It’s About That Time of Year Again: Firewood
Natural gas, electricity and oil are the most prevalent fuel sources for modern home heating systems. However, before these modern resources were available, the fireplace or wood stove was the sole source of heat in a home. Although the fireplace can’t compete with modern heating systems as an energy and cost efficient source of heat, the fireplace remains one of the most popular features in a home.
Unlike modern heating fuels, which are almost always supplied to the heating appliance by a local utility or Fuel Company, fireplace fuel, “wood”, is something that most people shop for. Some people are as picky about the wood that they burn in the fireplace as they are about what they put on in the morning. Others would just as soon burn whatever comes along, including household garbage. We assure you, there is a happy medium. You don’t need to be a Boy Scout to have the perfect fire, but there are a few basics you should know that will make for a stronger, safer and cleaner fire.
Let’s begin with a few terms that will help you be a better wood buyer. A “cord” is the legally defined measurement of firewood. In some states, firewood must be advertised and sold by the cord or fractions of a cord. A cord must measure 128 cubic feet. To measure wood, stack it in a row with individual pieces touching and parallel to each other. Stacks should be eight feet wide, four feet deep and four feet high. When properly stacked, about one third of a cord will fit in the back of a pickup truck.
If the thought of hauling firewood doesn’t appeal to you, most firewood suppliers will deliver for a modest charge. And if you’re even less excited about the prospect of stacking the wood, some companies will cheerfully stack the wood at the location of your choice. Again, this service is not included in the base cost of the firewood. Also, be mindful of log length. Logs should be sixteen to twenty two inches long. Anything longer will likely not fit in your firebox.
With all the choices of firewood out there, what’s best to burn? Osage orange wood, oak, hard maple, ash, walnut, locust, apple, cherry, peach and plum are the top burning hardwoods. Mixed hardwoods burn longer and cleaner with less creosote buildup in the chimney than softer woods such as willow, poplar, pine and cedar. Fortunately, most dealers don’t sell softwoods and recommend mixed hardwoods.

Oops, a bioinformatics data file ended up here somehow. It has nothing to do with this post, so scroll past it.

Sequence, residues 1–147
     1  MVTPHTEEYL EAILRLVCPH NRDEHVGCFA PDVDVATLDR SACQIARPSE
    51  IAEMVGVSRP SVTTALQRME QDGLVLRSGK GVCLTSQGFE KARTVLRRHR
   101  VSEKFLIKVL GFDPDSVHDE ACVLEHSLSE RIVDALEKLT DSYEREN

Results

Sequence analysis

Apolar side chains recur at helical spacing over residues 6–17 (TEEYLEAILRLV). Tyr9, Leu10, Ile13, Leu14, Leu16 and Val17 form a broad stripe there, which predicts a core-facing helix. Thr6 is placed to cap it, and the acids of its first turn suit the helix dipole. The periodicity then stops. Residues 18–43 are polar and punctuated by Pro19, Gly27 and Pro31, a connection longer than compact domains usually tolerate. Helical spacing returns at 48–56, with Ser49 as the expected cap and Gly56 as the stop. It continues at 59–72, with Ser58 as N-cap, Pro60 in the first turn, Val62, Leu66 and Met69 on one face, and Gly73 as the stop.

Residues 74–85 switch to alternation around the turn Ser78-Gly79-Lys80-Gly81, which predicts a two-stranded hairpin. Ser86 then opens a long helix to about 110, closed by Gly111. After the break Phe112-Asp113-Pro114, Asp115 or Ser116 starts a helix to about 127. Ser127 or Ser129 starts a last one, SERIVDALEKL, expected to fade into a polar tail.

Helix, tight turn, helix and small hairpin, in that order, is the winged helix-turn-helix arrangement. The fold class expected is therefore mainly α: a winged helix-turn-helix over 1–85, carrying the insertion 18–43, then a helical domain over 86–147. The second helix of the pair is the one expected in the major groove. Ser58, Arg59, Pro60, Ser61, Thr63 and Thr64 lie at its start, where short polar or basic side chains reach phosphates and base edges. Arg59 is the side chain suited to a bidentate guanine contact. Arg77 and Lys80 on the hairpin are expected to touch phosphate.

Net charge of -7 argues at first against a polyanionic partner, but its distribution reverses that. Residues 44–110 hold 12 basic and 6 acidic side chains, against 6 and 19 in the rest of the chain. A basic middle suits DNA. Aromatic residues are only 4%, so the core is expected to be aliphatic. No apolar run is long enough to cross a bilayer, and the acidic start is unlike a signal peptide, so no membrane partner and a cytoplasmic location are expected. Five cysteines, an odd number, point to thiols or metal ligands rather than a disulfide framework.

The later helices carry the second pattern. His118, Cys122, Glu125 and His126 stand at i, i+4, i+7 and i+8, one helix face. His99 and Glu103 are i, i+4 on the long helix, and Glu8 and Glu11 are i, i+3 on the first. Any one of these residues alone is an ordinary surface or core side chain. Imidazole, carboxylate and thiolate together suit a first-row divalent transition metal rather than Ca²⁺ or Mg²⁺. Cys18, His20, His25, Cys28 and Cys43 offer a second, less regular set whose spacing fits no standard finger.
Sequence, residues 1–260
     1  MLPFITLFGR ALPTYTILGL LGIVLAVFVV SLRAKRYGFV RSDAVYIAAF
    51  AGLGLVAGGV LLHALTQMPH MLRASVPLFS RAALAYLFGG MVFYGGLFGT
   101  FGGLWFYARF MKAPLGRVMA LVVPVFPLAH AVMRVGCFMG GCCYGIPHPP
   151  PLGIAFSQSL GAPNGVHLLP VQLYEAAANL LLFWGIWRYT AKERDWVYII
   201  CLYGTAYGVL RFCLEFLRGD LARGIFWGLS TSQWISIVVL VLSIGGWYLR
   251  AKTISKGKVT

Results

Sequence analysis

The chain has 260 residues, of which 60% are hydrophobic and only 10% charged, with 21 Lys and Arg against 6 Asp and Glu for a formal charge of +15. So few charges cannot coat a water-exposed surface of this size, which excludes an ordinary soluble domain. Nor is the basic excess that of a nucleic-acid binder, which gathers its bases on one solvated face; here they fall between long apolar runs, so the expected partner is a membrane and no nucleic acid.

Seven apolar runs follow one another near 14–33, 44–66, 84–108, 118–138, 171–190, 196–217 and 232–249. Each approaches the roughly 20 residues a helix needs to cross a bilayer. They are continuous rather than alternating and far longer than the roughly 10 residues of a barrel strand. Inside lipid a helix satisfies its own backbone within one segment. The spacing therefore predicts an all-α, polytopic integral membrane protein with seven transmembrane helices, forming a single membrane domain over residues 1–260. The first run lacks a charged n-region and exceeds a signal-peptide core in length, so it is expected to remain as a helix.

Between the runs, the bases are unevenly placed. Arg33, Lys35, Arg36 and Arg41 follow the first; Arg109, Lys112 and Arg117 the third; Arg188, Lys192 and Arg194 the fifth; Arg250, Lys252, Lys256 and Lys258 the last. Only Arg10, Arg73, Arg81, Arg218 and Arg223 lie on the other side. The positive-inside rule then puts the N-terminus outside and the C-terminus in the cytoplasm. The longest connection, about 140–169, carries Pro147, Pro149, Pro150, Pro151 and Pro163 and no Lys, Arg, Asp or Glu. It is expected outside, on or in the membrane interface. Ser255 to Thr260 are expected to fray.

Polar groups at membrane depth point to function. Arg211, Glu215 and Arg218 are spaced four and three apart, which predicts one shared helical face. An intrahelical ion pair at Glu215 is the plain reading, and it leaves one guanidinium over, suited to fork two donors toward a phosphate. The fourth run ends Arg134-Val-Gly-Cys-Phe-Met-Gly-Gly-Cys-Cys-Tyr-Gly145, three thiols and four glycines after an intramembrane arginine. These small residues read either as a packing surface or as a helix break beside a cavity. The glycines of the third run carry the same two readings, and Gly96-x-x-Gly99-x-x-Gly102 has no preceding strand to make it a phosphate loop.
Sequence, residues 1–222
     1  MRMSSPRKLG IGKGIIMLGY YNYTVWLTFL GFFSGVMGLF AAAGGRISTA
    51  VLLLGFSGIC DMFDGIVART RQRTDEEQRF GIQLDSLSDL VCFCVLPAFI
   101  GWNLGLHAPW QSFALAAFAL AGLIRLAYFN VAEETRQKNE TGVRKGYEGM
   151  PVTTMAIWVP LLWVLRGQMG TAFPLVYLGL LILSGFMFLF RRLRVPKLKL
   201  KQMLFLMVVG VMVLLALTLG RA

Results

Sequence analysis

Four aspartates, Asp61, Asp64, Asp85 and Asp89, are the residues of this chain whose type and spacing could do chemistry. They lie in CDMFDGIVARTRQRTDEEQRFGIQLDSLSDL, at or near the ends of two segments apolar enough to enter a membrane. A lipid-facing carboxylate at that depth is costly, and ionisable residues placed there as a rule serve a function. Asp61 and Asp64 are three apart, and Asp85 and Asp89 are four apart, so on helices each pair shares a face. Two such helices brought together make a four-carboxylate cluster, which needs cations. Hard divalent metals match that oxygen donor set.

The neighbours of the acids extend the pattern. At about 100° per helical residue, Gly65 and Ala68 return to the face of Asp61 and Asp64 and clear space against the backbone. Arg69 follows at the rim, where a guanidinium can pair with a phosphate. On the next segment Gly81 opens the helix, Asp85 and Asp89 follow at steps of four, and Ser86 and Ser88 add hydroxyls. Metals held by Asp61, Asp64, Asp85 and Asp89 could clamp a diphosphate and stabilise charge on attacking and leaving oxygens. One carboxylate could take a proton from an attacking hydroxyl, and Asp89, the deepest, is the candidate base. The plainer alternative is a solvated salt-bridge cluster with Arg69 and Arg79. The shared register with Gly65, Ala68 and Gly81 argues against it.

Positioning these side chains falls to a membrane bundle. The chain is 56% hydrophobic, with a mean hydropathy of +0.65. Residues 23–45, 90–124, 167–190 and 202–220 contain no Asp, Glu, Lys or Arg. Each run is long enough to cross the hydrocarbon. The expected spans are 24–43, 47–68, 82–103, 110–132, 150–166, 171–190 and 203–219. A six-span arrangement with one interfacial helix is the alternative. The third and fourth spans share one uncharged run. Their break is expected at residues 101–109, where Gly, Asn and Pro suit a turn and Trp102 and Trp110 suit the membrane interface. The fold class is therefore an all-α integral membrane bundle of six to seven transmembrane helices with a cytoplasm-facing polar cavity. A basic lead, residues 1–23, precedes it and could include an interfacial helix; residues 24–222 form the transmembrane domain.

Although important, the species of the firewood is only one of many elements in choosing firewood. Seasoning is of equal importance. We’re not talking about the kind of seasoning that you sprinkle on chicken, fish or beef. We’re talking about aging.
Unseasoned (green) wood won’t burn well due to its high moisture content. A sure sign of an unseasoned log is when it is extremely heavy and sap is oozing out of it. With seasoned wood the sap has dried up and the logs are lighter. A good way to tell is wood is seasoned is to knock two logs together. Well-seasoned logs will make a sharp ringing sound. Also, logs that are seasoned and ready to burn will have cracked ends. Wood generally takes from six months to a year to season. Most wood being sold now was cut last spring.
With it, well-seasoned firewood brings the promise of crackling fires on a cold winter’s eve. Unfortunately, firewood can also bring with it some unwanted household pests, termites among them. Therefore, do not store firewood in the garage, under a carport or against the house. This is an open invitation to pests to make your home their home. The problem is that they don’t just want to visit, they want to take a piece of your home with them.
Your best bet is to store firewood at least ten feet from the house and no less than six inches off of the ground to avoid infestation. One storage method that we have found that works well is to create a platform using concrete blocks and boards. Lay the concrete blocks on their sides in a row and place fence boards on top of the blocks from end to end. Be sure to leave gaps between the boards to promote airflow. Stack the wood loosely alternating each row perpendicular to the next. If the logs are split, store them with the bark side up to help shed rain.
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